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Small Business in a Time of Technophobia

By: SmallBizClub


Small Business in a Time of Technophobia

If there’s one thing that absolutely will not stop, it’s the inexorable march of technology and innovation. Unfortunately, too many small business owners either don’t understand or are plain ignorant of this fact. According to the first ever CNBC/SurveyMonkey Small Business Survey, only about 36 percent of respondents use a business website to communicate news to customers and potential customers, while a full 45 percent of respondents claimed not to have a business website at all.

This is an alarmingly high figure, considering that 79 percent of Americans and 87 percent of consumers in the U.K. shop online, leading to worldwide ecommerce sales projections of approximately $23 trillion in 2017. Small businesses which aren’t up to date with their digital strategies, lack online real estate in the form of a website, and rely solely word of mouth and analogue strategies to communicate with customers are underutilizing the power of technology, and missing out on significant opportunities — and a piece of that $23 trillion pie.

According to digital marketing expert Antara Dutta, the sheer amount of small businesses that are neglecting their “digital duties” can be chalked up to simple technophobia.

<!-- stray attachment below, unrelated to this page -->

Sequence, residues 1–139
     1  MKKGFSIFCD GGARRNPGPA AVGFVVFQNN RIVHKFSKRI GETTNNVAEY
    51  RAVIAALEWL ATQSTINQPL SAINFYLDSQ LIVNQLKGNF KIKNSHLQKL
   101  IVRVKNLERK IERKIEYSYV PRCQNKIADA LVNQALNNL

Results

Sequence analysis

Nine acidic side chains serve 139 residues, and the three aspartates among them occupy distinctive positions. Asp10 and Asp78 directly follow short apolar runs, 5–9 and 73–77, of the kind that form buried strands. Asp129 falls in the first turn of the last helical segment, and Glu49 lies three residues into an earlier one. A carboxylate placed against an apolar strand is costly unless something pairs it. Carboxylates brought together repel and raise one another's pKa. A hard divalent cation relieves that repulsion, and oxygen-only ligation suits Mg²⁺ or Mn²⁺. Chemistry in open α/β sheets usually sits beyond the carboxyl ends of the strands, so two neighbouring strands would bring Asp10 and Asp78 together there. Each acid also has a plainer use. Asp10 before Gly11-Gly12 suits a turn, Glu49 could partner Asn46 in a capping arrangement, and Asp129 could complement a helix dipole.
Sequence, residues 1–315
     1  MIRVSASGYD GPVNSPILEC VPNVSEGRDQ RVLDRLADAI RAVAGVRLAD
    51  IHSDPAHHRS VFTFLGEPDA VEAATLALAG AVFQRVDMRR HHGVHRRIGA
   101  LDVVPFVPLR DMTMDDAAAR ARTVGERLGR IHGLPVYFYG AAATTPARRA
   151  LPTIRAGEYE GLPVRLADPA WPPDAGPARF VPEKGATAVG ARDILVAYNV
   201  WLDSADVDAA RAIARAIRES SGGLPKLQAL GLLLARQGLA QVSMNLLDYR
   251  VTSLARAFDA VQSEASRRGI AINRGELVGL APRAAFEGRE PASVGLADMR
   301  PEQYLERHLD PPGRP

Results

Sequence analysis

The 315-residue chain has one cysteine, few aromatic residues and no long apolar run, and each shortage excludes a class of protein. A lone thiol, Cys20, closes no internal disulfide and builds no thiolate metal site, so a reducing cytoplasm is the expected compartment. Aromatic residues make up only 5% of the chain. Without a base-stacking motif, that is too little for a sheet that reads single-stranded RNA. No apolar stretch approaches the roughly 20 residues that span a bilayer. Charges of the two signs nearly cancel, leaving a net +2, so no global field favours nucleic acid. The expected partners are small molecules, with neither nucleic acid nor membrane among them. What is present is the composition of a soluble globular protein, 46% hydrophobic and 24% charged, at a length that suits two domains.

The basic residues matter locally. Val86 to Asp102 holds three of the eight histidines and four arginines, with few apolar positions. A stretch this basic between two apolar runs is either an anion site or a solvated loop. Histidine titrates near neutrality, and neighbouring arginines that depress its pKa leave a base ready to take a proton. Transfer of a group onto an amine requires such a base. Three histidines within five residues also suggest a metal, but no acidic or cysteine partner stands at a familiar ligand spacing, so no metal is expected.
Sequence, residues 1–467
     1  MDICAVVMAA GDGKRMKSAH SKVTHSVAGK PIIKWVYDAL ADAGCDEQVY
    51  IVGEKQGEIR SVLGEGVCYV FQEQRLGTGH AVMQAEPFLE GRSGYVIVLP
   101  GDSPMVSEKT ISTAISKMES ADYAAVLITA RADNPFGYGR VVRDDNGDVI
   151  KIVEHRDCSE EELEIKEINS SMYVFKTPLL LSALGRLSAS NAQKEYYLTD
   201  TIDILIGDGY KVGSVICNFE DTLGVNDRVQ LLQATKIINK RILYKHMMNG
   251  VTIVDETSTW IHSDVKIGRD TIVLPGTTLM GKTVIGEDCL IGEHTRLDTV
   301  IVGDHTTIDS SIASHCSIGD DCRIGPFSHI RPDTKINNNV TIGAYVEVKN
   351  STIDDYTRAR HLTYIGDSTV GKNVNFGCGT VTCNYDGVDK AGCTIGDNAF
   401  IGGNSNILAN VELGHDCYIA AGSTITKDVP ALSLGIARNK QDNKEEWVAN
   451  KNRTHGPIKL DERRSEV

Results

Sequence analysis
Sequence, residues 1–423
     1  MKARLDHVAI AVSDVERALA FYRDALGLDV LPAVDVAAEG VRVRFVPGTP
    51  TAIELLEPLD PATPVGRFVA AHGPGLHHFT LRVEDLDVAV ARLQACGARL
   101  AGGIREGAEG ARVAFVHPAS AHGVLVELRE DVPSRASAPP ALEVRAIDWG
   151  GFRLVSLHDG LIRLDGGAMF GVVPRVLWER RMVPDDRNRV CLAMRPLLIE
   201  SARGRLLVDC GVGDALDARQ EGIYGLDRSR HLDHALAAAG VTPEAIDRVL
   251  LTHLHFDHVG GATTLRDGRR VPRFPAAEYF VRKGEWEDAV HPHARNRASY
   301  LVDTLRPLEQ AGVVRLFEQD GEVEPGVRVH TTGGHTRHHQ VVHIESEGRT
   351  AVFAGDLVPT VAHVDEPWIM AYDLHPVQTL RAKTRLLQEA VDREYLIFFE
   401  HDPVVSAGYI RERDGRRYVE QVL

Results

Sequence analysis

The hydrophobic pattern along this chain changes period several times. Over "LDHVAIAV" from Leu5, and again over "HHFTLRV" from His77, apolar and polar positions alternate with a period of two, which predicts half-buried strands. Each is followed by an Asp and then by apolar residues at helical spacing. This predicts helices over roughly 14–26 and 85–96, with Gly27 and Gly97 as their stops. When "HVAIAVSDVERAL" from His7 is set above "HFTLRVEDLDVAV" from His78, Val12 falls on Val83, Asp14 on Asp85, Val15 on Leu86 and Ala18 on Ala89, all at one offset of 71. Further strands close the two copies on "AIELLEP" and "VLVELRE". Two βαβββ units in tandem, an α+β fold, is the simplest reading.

“People are just afraid of technology and don’t realize how simple or easy it could be,” she said in an article with CNBC. “There are people who don’t wake up, and then they lose their business as a result. Having a website is like having a business card… there is no business that shouldn’t have a website.”

Technophobia Affecting Consumers and Large Businesses As Well

Technophobia isn’t just affecting small businesses. HSBC surveyed over 12,000 respondents from across Canada, China, France, Germany, Hong Kong, India, Mexico, Singapore, the UAE, the UK, and US in a report titled Trust in Technology. The Financial Tech industry seems to be affected most by consumer technophobia, with global identity management firm Find Biometrics pointing out interesting contradictions in the report:

“While 87 percent said that the bank’s protection of their personal data is as important as its protection of their money, only 21 percent reported using fingerprint recognition instead of a password, despite its advantages over always prevalent weak passwords. And while 14 percent said they would trust a “humanoid robot” to perform heart surgery, only seven percent said they would trust any kind of robot or AI assistant to open a bank account.”

It’s obvious that technology is complex, changing, and intimidates consumers and business professionals alike—fortunately, the report also found potential solutions to the problem of technophobia. HSCB notes that when a very simple explanation of how voice recognition works was presented to respondents, “trust in biometrics” rose from 45% to 51%. Education, it seems, is key to technological adoption for consumers.

Education to Fight Technophobia in Small Businesses